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Foodways reflect the who, what, where, when, why, and how of food. In other words, foodways shed light on the physical, social, cultural, economic, and spiritual factors that inform peoples’ experiences of food. The history, heritage, and culture of Indigenous food in Canada is as varied as the ways in which it is grown, harvested, produced, prepared, shared, and enjoyed. However, Indigenous foodways are connected by a diversity of nation- and community-based food cultures and traditions that share several common roots.
For example, the ancestral and contemporary relationships that Indigenous Peoples, their nations, and their communities maintain with their traditional territories are manifest by the central role that locally sourced foods have in their diets. In fact, many Indigenous food cultures continue to be intrinsically linked to locally-sourced ingredients through traditions and practices that have sustained, and in some cases continue to sustain, Indigenous Peoples today, such as foraging, cultivating, hunting, and gathering. Similarly, many Indigenous Peoples and their communities have cultural, political, economic, and spiritual protocols for harvesting, preparing, and consuming traditional foodstuffs. As such, the sharing of foods, stories, and Traditional Ecological Knowledge (TEK) are defining characteristics of Indigenous food.
The Truth and Reconciliation Commission of Canada: Calls to Action recognizes Indigenous cultures as a fundamental and valued element of Canadian culture and society, and it is important for Indigenous Tourism Ontario (ITO) to support the strengthening, sharing, and continuation of Indigenous Peoples’ traditions around food and associated foodways. It is ITO’s position that the development of Indigenous food tourism represents a key economic opportunity for communities in Northern Ontario to bring people together in a communal fashion to learn about and experience Indigenous foodways. ITO also believes that as Indigenous food tourism businesses in Northern Ontario share their stories, they will join scholars, community leaders, and members in continuing to shape, celebrate, and strengthen Indigenous food in Canada, and abroad.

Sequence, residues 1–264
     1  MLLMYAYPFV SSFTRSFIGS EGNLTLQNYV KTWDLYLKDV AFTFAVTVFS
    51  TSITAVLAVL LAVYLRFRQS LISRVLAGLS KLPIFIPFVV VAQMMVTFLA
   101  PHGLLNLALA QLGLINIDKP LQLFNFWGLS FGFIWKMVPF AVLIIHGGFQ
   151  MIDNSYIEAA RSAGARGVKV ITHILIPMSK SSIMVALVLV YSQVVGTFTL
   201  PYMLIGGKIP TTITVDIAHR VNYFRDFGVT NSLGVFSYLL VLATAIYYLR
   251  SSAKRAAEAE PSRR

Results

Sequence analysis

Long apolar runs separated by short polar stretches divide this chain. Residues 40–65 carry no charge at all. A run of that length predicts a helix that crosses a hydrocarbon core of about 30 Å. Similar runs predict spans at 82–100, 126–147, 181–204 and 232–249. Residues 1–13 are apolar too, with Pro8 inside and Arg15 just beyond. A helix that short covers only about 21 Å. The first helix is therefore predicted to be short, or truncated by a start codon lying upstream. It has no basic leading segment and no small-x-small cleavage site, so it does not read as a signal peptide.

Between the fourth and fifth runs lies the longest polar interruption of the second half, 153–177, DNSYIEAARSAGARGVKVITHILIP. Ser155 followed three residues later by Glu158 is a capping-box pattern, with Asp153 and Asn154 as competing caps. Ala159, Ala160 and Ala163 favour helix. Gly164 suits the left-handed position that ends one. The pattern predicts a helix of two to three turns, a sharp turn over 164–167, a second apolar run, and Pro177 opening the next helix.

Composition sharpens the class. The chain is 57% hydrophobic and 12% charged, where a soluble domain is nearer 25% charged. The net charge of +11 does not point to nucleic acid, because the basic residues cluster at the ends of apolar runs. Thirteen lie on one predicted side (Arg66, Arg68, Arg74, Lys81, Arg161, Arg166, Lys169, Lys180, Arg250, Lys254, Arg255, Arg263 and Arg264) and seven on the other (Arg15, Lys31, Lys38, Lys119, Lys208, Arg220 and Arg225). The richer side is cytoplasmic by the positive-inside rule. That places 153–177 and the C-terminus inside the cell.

STATE OF THE INDUSTRY
To start, there is tremendous potential for Indigenous food tourism to grow as rapidly as Indigenous tourism is growing, and the statistics around Indigenous tourism in Ontario can help us to understand what this growth opportunity may look like for communities in Northern Ontario.
The Ministry of Tourism, Culture and Sport reported in 2014 that there were 160,000 visits to Indigenous tourism businesses in Ontario, and this represents 0.1% of total visits to Ontario. These same visitors spent $76M, or 0.3% of total visitor spend. This higher percentage of visitor-spend compared to total visits points to the economic value of Indigenous tourism in the province. It signals a key opportunity to grow the number of visitors to Indigenous tourism businesses through strong product offerings that include Indigenous food experiences.
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